Monday, July 18th, 2016 by Gabe McNee
Step 1: Isolate the home from the wet ground
Even if you think your crawlspace is dry, the dirt below the surface is always moist. After all, rain water doesn’t just disappear when it hits the ground. The moist earth will seep water vapor into the air. This will ruin fiberglass insulation and can lead to wood rot and mold.
The best way to isolate the ground from the house is to install a quality vapor barrier, such as CleanSpace. CleanSpace is super thick and durable so you won’t need to worry about tearing. Once your crawl space is encapsulated you will notice it is easier to maintain heat and cold, as well as, a reduction to elimination of smells and odors.
Step 2: Seal off the outside air leaks
Major air leaks like an old metal crawlspace door or leaky foundation vents are an excellent way for humid air to penetrate your crawlspace. The old way of doing things was to open the vents in the summer to let warm air circulate. The problem is that warm summer air is often times very humid. Leaving the vents open is no different than blowing humid air into your crawlspace for several months in a row. The best way to stop these leaks is to block and seal the foundation vents. Wet air cannot ruin your crawlspace if it has no way to get in. In addition, by sealing the crawl space you will effectively keep out the insects and critters trying to take up residence in your crawlspace.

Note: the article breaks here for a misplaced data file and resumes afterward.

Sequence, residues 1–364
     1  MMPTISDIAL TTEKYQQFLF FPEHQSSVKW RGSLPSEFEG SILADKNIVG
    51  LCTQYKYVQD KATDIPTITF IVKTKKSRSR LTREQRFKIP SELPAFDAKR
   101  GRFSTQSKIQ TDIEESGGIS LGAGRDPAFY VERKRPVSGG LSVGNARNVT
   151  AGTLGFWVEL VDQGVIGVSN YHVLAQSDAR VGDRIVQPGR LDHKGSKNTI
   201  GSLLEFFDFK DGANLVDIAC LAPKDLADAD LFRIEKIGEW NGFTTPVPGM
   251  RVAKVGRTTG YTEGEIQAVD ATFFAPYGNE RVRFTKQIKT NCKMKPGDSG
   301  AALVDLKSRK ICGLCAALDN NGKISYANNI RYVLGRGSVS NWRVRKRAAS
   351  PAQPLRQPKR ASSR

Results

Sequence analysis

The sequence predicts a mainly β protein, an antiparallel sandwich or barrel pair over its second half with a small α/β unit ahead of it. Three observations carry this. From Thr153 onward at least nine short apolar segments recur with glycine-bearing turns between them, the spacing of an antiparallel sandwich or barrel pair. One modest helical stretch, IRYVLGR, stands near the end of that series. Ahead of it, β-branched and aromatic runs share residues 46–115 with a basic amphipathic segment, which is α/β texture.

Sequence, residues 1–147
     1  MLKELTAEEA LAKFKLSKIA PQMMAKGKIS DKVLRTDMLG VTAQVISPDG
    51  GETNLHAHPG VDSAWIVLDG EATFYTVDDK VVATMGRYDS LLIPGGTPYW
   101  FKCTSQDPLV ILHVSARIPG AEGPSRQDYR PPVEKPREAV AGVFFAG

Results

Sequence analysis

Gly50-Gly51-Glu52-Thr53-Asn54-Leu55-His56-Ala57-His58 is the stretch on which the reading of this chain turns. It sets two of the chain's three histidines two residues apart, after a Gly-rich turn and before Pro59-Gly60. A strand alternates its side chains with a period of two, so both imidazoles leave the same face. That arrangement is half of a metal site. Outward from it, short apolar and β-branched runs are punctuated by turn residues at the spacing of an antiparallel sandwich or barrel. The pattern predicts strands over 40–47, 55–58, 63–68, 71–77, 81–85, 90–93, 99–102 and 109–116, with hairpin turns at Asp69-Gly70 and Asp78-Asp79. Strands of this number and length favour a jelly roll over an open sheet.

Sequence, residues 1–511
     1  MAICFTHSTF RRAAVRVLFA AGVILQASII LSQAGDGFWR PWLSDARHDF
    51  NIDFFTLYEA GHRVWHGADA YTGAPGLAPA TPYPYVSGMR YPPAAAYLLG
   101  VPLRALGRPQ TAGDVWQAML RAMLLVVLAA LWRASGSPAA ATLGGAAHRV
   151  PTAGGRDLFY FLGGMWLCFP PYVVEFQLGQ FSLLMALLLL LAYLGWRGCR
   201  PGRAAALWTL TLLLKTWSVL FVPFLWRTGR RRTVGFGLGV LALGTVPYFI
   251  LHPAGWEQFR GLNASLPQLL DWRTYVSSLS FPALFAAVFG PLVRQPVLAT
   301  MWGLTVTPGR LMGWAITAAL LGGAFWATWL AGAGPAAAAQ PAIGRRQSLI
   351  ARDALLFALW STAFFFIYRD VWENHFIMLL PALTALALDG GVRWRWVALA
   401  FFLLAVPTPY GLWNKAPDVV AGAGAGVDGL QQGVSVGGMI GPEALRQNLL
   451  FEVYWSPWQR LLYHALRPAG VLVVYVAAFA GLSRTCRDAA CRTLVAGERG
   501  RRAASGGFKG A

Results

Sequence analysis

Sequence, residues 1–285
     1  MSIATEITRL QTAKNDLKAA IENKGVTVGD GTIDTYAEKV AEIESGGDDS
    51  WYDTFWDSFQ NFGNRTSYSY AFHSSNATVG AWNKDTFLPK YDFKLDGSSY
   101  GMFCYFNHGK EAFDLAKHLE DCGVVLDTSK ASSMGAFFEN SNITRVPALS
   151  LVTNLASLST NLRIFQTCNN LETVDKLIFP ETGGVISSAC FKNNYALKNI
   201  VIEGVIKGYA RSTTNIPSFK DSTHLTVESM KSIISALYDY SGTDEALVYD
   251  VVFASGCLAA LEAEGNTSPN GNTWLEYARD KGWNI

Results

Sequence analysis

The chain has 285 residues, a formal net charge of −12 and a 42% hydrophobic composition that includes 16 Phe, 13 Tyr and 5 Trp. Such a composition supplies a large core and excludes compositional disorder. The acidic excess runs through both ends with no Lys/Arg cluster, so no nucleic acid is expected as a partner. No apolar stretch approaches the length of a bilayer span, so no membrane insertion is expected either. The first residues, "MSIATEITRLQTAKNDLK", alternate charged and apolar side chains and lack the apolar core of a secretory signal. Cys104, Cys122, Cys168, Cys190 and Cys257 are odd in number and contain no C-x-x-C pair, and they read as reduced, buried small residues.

Step 3: Dry the existing air
The crawlspace can never be sealed 100%, so you will need to address the issue of the existing air and the small unseen leaks. By installing a crawl space dehumidifier it can dry the remaining air in the crawl space. We offer the SaniDry CX. This crawl space dehumidifier dries the air, sucks out small particles like mold, and then circulates the dry air with a massive fan. It is also extremely energy efficient and will work better than department store dehumidifiers.
The end result...
a clean, healthy, and dry crawl space!
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